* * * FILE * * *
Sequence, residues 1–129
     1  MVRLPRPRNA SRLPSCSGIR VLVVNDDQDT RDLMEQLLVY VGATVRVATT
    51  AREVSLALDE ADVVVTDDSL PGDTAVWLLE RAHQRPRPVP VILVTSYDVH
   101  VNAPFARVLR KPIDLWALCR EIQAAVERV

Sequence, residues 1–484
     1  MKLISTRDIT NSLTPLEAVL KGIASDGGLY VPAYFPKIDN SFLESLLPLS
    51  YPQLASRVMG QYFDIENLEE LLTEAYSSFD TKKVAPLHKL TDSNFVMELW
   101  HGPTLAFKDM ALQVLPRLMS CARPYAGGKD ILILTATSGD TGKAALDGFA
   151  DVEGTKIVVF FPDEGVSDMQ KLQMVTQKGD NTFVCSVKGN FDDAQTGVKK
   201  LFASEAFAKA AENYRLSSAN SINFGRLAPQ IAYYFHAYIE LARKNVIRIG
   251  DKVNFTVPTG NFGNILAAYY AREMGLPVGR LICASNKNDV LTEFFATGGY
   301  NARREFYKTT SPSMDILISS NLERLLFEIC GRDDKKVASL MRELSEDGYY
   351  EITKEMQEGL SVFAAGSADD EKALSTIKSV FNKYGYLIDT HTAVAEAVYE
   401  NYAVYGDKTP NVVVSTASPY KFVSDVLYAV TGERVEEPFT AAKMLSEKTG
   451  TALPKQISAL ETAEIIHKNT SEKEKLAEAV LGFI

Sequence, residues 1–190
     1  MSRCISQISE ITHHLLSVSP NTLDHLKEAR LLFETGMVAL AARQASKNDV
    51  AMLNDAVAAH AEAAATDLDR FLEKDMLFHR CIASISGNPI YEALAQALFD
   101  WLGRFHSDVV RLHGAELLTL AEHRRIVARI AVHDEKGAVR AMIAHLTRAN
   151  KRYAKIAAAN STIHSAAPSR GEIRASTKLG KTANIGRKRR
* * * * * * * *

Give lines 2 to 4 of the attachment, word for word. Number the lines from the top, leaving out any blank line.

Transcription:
     1  MVRLPRPRNA SRLPSCSGIR VLVVNDDQDT RDLMEQLLVY VGATVRVATT
    51  AREVSLALDE ADVVVTDDSL PGDTAVWLLE RAHQRPRPVP VILVTSYDVH
   101  VNAPFARVLR KPIDLWALCR EIQAAVERV